where X is the number of the reference for that footnote. If the same document is referenced multiple times in the text, you can use the same tag at each text location that points to that document.
Formatting the citations
While it is great if references to items on a page or links to papers in OnePetro follow this format, we don't want style to get in the way of people adding valuable citations and links into wiki pages. If you don't have all of the information specified in SPE's reference style, just try to include enough information that someone else could find the document you are referencing.
Be sure that any references or links to papers in OnePetro include the following:
- Author name(s) -- include at least the first author, preferably the first 3, followed by et al. if there are additional authors.
- Title of the book, paper, or other document
- Year that the document was published
- Some indication of the source (publisher, journal, conference, or similar). While SPE style abbreviates the names of many journals, there's nothing wrong with spelling out the full name.
- For SPE papers, inclusion of the paper number is always helpful
- If you can create a link to the document online (in OnePetro or elsewhere), that is also very helpful for other readers interested in the topic. Where possible, using the DOI to make the link helps to ensure that the link won't be broken in the future as websites change.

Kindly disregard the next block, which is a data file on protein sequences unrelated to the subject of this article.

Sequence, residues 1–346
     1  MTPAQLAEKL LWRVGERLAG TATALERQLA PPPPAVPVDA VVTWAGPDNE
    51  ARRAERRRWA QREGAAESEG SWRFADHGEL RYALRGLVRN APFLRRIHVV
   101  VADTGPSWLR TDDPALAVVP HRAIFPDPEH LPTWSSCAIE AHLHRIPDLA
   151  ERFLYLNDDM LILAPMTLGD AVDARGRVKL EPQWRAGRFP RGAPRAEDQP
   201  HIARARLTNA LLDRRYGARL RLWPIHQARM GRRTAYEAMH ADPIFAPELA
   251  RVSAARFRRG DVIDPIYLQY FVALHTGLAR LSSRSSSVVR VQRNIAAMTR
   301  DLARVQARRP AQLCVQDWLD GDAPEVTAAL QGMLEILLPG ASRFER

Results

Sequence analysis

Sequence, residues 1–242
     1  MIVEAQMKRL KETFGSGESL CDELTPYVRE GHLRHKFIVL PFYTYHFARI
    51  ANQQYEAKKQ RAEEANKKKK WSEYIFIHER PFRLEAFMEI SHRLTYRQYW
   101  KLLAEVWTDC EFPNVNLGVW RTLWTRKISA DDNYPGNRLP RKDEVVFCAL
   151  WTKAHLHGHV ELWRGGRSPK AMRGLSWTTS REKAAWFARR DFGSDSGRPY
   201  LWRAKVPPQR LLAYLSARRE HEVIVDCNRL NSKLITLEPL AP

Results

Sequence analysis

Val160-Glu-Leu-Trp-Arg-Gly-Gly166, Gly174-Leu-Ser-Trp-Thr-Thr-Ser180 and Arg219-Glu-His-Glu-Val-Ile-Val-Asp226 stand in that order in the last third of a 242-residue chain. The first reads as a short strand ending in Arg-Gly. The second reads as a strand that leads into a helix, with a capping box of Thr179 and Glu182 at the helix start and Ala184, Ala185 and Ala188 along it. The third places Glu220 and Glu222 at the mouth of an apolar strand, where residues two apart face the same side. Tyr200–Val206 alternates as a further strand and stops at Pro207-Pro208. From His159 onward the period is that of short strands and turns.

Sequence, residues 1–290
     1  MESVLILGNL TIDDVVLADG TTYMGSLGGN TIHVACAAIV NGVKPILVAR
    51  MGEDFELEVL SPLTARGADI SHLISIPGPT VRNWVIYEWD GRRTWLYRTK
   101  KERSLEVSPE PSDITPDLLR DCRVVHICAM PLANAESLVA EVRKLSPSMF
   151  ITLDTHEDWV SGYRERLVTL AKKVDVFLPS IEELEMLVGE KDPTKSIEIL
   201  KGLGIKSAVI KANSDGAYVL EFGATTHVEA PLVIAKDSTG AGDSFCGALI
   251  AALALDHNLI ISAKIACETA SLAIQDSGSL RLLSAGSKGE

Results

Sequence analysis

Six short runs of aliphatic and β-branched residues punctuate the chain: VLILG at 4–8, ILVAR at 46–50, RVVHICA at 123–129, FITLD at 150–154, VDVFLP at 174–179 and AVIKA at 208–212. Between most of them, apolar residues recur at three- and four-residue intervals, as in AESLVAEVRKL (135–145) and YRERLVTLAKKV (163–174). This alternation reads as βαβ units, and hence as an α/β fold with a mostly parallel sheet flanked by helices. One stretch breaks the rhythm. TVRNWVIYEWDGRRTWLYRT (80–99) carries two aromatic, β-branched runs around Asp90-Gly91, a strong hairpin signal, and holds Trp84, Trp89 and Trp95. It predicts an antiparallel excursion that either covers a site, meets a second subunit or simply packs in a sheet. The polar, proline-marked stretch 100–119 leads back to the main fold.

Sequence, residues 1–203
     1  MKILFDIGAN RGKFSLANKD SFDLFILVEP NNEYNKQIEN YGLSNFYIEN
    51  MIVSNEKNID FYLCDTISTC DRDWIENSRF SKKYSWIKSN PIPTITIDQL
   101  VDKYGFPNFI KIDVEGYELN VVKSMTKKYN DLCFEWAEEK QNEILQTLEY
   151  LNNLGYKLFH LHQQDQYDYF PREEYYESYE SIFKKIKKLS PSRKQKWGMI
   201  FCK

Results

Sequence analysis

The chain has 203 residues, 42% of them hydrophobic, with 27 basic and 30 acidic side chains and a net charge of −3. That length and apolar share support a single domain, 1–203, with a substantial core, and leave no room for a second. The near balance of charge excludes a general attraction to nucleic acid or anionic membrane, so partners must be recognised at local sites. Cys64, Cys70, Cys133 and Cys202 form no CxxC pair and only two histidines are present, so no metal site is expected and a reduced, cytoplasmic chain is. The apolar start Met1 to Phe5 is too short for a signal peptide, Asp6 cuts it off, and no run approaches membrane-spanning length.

Most pages have a section titled Noteworthy papers in OnePetro. Documents in this section would not be referenced in a footnote in the text, but are ones that you believe another user of PetroWiki would find valuable in understanding more about the topic.
If the heading doesn't already exist, you can create it (after the References section) by entering ==Noteworthy papers in OnePetro==
Items in this section are not numbered. You just need to enter a citation to the document, preferably with a DOI link. Help:Reference and paper link format will assist you in preparing the citation to the paper in OnePetro.
DOI number in OnePetro
If you are not sure where to find the DOI number when you have found the paper you'd like to reference in OnePetro, this will help.
Once you have found the specific paper in OnePetro, if there is a DOI number for that paper, it will appear towards the right hand side next to "DOI." See Fig. 1.
Please use the DOI link for a paper if it is available as opposed to the OnePetro link as these might change and later become broken. The DOI links, however, will remain the same.
If you have other sources such as other websites or books, you can include and link to these sources as well. There should be a section at the bottom of the page titled "External links," or you can create one if it is not already there.
If it is a link to another website, please include the URL of the site at the end of the reference. If you are citing a book or another type of outside source, it might be helpful to other users for you to include a link of where the book or other source can be found (such as the SPE Bookstore or an Amazon.com link). See Help:Links for more information about creating external links.